Tuesday, April 10, 2007

Padilla loses torture argument

The presiding judge has rejected Jose Padilla's motion to dismiss the criminal charges against him.

federal judge refused to dismiss terrorism charges against Jose Padilla over claims that the alleged al-Qaida operative was tortured in U.S. military custody, removing one of the last major obstacles to the start of his trial next week.

U.S. District Judge Marcia Cooke stressed in a 12-page order filed late Monday that she was not passing judgment on the torture allegations. Rather, she said the effort to dismiss the case for "outrageous government conduct" was faulty on legal grounds....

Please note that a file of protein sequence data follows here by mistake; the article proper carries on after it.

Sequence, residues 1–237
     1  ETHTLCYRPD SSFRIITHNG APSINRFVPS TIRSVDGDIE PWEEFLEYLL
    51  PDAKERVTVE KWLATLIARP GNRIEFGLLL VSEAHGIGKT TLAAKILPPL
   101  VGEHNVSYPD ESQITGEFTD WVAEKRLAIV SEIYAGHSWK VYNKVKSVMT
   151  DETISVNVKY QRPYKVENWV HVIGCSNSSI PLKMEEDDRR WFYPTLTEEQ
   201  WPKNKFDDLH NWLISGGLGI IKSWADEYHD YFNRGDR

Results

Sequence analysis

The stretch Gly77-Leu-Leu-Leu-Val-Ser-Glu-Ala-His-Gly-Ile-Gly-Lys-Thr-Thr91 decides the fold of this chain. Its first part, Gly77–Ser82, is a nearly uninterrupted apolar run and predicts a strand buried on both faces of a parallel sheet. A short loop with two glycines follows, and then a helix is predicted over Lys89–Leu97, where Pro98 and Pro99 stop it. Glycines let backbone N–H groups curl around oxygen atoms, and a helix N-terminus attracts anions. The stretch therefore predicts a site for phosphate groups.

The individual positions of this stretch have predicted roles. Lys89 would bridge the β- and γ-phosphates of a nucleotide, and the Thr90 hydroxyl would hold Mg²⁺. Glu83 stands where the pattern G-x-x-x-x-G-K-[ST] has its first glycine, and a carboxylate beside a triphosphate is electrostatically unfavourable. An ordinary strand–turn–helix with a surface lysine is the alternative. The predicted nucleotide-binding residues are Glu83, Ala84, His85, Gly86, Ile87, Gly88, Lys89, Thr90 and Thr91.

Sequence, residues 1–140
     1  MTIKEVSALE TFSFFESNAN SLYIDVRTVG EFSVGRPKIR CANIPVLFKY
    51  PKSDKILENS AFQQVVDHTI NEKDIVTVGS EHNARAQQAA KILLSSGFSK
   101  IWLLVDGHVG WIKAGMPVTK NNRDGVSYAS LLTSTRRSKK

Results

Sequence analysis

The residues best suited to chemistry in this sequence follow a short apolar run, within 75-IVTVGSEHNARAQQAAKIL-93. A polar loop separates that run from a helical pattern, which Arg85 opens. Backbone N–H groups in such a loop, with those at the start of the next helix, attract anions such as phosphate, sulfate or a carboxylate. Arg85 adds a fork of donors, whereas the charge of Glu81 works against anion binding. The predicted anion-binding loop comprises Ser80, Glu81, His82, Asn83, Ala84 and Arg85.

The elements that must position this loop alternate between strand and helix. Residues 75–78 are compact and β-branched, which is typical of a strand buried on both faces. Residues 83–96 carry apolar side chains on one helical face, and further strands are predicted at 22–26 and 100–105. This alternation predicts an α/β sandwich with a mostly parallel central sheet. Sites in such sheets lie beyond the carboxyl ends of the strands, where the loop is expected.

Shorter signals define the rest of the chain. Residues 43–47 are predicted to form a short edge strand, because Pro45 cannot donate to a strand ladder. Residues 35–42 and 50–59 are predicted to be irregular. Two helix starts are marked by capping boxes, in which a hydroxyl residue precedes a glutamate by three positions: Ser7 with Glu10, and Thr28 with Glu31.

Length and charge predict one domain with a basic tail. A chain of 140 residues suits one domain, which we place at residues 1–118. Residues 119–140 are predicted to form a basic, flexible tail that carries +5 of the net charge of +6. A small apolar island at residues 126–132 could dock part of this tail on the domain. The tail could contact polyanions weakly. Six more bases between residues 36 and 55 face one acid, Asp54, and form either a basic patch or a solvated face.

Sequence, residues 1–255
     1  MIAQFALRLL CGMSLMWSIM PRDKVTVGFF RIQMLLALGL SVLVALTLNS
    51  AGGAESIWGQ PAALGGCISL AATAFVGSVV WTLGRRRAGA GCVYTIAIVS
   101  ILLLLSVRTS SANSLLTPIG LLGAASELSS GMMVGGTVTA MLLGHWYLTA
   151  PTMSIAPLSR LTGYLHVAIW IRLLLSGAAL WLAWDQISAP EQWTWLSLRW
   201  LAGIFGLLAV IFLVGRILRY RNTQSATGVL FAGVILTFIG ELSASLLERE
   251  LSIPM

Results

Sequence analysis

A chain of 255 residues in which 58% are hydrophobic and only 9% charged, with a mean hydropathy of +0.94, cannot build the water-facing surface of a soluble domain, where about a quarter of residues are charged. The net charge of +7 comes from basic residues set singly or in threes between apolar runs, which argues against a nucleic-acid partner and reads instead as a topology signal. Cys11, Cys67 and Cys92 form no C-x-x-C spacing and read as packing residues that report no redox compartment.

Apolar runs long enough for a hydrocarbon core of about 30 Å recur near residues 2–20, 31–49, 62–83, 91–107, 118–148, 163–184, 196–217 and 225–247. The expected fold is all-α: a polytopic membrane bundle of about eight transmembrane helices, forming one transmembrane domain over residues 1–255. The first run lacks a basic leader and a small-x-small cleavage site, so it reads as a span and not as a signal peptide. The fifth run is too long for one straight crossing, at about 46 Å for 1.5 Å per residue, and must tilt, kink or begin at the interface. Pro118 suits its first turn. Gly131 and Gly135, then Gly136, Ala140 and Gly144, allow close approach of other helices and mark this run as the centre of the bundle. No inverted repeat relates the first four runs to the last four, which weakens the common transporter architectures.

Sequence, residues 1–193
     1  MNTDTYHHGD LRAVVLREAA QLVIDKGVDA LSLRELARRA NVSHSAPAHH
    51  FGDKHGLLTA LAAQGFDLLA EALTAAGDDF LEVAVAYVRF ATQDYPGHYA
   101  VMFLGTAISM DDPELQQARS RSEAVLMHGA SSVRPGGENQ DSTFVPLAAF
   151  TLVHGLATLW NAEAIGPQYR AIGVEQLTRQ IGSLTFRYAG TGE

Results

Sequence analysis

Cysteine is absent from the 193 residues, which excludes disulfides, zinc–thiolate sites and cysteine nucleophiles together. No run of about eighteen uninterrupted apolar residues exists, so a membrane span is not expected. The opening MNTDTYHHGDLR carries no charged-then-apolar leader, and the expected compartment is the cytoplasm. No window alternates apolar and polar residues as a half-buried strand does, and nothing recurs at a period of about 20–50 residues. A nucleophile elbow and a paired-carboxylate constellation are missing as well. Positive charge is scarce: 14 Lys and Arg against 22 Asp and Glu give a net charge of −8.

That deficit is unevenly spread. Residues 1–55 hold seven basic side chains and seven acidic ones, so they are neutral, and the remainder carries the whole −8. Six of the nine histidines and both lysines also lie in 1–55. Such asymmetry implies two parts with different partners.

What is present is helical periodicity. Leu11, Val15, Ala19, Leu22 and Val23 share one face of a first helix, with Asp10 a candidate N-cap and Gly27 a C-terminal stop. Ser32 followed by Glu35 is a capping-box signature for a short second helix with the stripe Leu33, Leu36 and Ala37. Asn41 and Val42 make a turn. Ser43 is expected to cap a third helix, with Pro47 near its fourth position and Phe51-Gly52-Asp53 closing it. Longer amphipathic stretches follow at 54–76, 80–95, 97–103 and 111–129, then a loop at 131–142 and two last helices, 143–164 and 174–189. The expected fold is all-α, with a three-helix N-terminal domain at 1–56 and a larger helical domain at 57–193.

Cooke said the dismissal motion wasn't backed up by case law and failed on legal grounds because prosecutors aren't using any evidence collected during Padilla's time in the brig.

To rule otherwise would "effectively provide a defendant with amnesty for any uncharged crime so long as the government violated the defendant's due process rights at some prior point," she wrote.

She warned, however, that the issue could return should prosecutors decide to use evidence from Padilla's interrogations.

That makes sense. As I noted previously,
the government's treatment of Padilla has indeed been outrageous. But was it outrageous enough to derail a trial? The judge decided no.

With the last major hurdle out of the way, the trial can proceed. Next up: jury selection. And what a lengthy, tortuous process that will be.

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